A settlement at Allenheads was first recorded in 1670. At this time, it was no more than a few scattered farm houses surrounded by wild hills and small-scale mine workings. At the end of the 17th century, the Blackett family bought several estates in the area and with growing knowledge of mining began the expansion of lead mining operations at Allenheads. In the 18th and 19th Allenheads became one of the largest lead mine networks in Europe and the Blackett and Beaumont families dominated British and European lead production.
By the end of the 19th century cheaper lead from overseas saw the importance of Allenheads decline. At the turn of the century the mine was closed and the village population dwindled as families left seeking work elsewhere and the area became once again reliant on upland hill farming. Speculations for Fluorspar in the 1970’s briefly brought mining back to the village but ultimately deemed unprofitable. The mine yard is now used by local engineering contractors and the Allendale Estate which has helped retain some of the mining archaeology.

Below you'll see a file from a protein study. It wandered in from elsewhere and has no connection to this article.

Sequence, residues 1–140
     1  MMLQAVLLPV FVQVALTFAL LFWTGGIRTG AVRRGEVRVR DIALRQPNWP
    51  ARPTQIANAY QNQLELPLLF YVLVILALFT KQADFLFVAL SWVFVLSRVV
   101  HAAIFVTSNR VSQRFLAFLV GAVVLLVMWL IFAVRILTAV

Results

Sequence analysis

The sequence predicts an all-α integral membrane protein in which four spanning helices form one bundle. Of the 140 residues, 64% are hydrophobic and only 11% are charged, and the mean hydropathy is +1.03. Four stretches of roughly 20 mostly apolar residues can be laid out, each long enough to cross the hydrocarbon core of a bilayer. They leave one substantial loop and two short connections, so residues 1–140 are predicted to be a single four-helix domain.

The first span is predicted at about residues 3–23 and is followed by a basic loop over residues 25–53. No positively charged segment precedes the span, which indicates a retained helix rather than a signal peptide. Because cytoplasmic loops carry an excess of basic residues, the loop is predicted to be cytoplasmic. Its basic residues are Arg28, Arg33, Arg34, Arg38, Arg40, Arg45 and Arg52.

Allenheads may have shrunk and its boom be long behind it, but it thrives today as an area of upland hill farming, individual businesses and as a magnet for visitors to the North Pennines and the Allen Valleys. The Allenheads Trust was set up in 199? to conserve and celebrate the remarkable history of this small village and secure a sustainable future. The Allen Valleys Landscape Partnership Scheme has conserved and developed more of the rich industrial and natural heritage including an observatory to view the dark skies and new trails to explore the village and surroundings.
Discover these and more using this interactive guide to the remarkable story of Allenheads.